This story was submitted to the Write it Your Way Competition in July, (for the theme of “summer”), but unfortunately it did not make the final cut. Rather than view it as a failure, I’m choosing instead to see it as another step I’ve taken towards my 2012 writing goals. I like how his story turned out, so I thought I’d share it with my readers as you have all given me so much encouragement and support. Thanks for always reading and I hope you enjoy my little snapshot of summer in Northern Wisconsin.
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Photo courtesy of Wikipedia Commons
I grab my blue metal cup and race outside. The gravel crunches beneath my feat and I can hear Addie isn’t far behind.
“I’m going to get more than you!” she calls.
“No you won’t. You’ll eat all of them on the way back.”
“So what! I’ll still pick the most.”
“If they’re not in the cup, they don’t count.”
We disappear into the trees. Oak, maple, and pine surround us on all sides, green leaves rustle overhead. The forest is so thick the sun barely punches through to the ground. Whippoorwills call in the distance and chipmunks scurry as our clunky steps rattle the thick blanket of leaves from last fall.
“They gotta be around here somewhere,” Addie says.
“I hope the bears didn’t get them, first.”
We scan the ground for smooth oval-shaped leaves and a speck of blue. I look around the base of stones and large trees. Berries like to hide in cool, damp places. My mouth waters at the thought of eating summer’s first blueberry!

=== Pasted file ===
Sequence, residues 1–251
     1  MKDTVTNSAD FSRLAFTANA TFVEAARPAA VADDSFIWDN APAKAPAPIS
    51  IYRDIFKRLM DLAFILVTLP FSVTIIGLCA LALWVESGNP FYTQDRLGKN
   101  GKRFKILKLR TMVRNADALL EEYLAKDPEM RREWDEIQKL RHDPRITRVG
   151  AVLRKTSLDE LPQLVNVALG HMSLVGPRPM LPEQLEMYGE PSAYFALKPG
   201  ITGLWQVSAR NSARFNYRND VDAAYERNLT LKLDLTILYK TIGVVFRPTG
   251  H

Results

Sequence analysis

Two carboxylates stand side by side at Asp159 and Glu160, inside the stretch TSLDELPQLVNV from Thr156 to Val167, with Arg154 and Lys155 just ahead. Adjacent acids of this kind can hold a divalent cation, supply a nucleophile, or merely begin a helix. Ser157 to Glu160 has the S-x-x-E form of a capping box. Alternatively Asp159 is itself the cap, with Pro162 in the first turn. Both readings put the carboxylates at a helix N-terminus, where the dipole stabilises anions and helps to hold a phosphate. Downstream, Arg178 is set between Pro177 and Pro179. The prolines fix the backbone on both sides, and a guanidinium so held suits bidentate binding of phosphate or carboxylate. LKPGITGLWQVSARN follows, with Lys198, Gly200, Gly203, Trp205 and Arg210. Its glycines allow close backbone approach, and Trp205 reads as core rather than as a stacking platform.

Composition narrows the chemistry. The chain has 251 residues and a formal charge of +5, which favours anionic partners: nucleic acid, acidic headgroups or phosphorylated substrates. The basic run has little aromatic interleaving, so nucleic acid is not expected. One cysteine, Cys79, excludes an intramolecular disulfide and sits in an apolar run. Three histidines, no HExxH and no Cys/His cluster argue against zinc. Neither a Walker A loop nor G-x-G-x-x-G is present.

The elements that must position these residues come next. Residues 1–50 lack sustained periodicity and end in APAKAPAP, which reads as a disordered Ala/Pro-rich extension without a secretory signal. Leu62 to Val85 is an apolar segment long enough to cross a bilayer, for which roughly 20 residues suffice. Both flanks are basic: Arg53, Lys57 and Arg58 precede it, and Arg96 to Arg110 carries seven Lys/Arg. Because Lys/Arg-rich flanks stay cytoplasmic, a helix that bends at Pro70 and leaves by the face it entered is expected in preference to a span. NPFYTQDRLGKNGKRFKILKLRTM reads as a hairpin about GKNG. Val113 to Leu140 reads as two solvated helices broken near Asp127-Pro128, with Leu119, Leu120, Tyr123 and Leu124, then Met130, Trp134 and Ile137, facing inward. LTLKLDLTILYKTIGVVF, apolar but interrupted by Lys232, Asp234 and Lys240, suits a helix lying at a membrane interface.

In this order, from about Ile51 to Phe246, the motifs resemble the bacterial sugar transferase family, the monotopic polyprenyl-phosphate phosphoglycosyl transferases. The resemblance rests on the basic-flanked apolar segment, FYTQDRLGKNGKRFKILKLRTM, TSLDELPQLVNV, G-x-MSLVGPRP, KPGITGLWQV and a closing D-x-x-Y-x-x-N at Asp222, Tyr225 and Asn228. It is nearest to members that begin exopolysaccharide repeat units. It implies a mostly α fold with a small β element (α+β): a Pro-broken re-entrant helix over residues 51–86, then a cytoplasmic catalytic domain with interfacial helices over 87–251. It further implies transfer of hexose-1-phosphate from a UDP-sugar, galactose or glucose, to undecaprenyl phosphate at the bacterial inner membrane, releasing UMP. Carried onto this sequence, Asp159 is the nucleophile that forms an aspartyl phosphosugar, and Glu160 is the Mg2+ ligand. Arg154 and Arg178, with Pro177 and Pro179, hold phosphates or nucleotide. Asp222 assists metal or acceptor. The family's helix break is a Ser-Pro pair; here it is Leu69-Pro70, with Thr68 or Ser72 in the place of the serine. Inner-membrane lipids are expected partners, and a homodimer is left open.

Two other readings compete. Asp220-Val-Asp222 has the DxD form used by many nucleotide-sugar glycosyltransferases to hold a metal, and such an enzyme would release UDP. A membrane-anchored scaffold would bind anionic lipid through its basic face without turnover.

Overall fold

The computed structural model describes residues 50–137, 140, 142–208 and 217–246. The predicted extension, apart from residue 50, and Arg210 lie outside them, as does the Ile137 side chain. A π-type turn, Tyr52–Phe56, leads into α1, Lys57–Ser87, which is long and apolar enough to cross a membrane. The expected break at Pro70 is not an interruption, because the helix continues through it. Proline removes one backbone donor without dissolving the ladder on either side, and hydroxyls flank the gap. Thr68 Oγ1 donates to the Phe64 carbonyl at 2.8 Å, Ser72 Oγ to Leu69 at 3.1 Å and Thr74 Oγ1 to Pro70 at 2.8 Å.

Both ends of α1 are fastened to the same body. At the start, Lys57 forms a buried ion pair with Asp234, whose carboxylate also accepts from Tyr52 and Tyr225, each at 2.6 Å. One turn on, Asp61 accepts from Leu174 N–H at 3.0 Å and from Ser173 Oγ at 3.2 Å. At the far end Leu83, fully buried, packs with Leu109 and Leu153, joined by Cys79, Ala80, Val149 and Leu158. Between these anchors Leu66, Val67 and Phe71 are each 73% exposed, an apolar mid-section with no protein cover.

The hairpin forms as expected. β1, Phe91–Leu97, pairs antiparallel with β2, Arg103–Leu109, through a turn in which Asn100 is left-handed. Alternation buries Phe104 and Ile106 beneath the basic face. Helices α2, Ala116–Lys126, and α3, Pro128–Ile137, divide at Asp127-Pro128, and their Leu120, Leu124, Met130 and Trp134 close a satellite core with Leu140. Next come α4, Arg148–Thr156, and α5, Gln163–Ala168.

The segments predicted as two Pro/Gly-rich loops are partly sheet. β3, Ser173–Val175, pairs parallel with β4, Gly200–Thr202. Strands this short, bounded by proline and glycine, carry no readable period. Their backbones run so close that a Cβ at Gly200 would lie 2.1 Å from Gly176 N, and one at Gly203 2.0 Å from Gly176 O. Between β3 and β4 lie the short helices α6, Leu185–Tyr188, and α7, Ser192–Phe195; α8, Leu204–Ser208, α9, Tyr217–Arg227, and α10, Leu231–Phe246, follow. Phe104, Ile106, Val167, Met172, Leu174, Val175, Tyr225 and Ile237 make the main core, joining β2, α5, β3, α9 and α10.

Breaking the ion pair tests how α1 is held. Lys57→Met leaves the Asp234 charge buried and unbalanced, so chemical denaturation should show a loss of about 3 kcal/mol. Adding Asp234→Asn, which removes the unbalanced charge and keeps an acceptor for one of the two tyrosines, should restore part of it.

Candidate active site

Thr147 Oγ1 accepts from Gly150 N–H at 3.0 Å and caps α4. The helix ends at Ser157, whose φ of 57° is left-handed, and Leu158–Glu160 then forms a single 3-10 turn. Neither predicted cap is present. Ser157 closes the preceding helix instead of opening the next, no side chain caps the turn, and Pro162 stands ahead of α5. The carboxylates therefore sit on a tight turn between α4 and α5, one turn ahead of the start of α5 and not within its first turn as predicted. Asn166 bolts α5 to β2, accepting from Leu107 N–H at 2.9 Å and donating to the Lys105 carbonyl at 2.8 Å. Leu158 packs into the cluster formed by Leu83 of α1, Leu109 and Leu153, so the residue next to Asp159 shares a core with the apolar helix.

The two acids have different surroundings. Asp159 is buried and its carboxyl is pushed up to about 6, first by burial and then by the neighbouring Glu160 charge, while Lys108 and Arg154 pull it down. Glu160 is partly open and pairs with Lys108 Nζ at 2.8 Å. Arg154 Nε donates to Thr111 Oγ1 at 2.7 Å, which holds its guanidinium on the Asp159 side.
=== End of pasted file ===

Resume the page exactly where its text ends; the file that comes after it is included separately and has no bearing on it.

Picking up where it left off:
Horse flies buzz in circles and I see Addie waving her hands around her head. Those things drive her crazy and I hope she doesn’t go running back inside. What’s the fun of a blueberry-picking contest if I’m the only one playing?
“I hate flies!” she yells.
“Just put your hood on and hold your breathe for a few seconds so they can’t smell ya!” I holler back.
I start to get excited when I see juneberries hanging from a small tree. If a bear had come through, he wouldn’t have left a single edible thing behind. That means there must be blueberries, too!
I pick a few juneberries just for the heck of it, but then decide there’s something much more fun to do with them. Addie isn’t too far away, so I take aim and throw them at her.
“What? I saw a fly on your shoulder and I tried to hit it.”
“You better run!”
She comes tearing towards me armed with acorns and I take off. Small tree branches hit us as we run and ferns wrap around our legs. We’re laughing so hard we can hardly breathe, but we keep running wild and free.
The ground goes from flat to a steep hill and we come to a stop. Addie drops the acorns and sucker punches me in the arm.
“Ow!” It doesn’t really hurt and I know I deserve it, but little sisters aren’t allowed to win.
She sticks her tongue out at me and I laugh. We plop down on the ground to catch our breath. Who cares if we get a little mud on our jeans! I can tell by the way the trees have thinned out that we’ve ended up in a spot near the lake. Sure enough, I can see blue water peeking through baby popple and pine trees. Last year, this was a great spot for blueberries!
Both of us get up and bolt to an area thick with ferns. I lift the feathery leaves, hoping to find blueberry goodness. Small patches of bushes dot the ground and the leaves are the right shape!